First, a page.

Senior Lecturer, MA Conservation of Fine Art (Works of Art on Paper)
Jane Colbourne is a graduate from the Gateshead Programme (now Northumbria University) in the Conservation of Works of Art on Paper in 1987. She worked for several years for the Durban and Johannesburg Art Gallery’s in South Africa before joining the Tate Gallery in London. Since 1994 she has lectured in Paper Conservation at Northumbria University.
Other qualifications include Foundation Studies in Art and Design (Leicester University, 1980) BA Hons. in Fine Art (Belfast College of Art, 1983) and a PG-CUTL in University Teaching and Learning (1996), she is also a HEFC Moderator, a Fellow of the Higher Education Academy (2009) and an Accredited Member of the Institute of Conservation (ICoN) since June 2001.
Her doctoral thesis focused on the working practices and dissemination of materials and techniques of a leading Edwardian painter Charles Henry Sims R.A (1874-1928) who represents a neglected body of British artists who were responding to and assimilating certain new tendencies within early modernism yet at the same time conscious and respectful of traditional practices and training methods. The study makes consistent reference to his extensive studio archive bequeathed to the Department in 2001, whose existence provided a unique opportunity in mapping Sims’ own informal working notes and observations, against instrumental and technical analyses performed on selected case studies.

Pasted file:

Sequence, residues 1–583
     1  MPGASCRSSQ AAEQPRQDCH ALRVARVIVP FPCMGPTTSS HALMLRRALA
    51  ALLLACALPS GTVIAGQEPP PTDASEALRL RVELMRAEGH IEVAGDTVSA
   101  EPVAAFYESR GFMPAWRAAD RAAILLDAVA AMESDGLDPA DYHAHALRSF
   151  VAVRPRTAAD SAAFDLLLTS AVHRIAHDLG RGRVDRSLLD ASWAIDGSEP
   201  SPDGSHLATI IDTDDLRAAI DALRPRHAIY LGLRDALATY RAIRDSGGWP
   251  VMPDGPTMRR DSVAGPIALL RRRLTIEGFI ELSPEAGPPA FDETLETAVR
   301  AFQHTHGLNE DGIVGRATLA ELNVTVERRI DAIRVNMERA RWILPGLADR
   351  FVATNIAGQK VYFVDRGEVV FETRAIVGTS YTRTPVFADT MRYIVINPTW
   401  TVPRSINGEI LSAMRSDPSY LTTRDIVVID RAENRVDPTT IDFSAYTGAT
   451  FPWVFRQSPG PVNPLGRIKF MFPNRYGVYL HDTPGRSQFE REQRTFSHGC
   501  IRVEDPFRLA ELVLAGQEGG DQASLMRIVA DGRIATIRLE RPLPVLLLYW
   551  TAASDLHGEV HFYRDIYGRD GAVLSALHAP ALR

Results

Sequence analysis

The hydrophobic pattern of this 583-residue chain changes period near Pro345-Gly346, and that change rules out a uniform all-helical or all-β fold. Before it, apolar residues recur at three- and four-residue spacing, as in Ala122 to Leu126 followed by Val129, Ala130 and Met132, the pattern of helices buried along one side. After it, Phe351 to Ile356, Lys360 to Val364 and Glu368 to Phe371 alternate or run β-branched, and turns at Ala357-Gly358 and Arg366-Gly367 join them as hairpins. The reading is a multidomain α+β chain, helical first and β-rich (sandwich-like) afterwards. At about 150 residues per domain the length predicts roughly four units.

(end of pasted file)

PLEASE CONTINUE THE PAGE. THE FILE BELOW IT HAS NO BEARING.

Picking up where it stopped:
The significance of this specific period in relation to the progression of new materials, techniques and the role instruction manuals and teaching played in developing Sims stylistic and at times thematic approach to practice are also discussed. Of particular interest are those which focus on watercolour and egg tempera techniques, media which perfectly suited Sims temperament and arguably featured in and formed his best works.
The research also compares Sims working practices with that of his better known contemporaries by cross- referencing reports held in national and international collections with hitherto unseen material. As a consequence the contents has a much wider application beyond the field of conservation for the general light it throws on early 20th century artist inheritance and intent.
In addition to teaching and research Jane regularly delivers professional workshops both home and abroad on various topics related to conservation and the history of artist materials. She has a longstanding interest in Japanese handmade paper, scroll-mounting and associated methods and materials.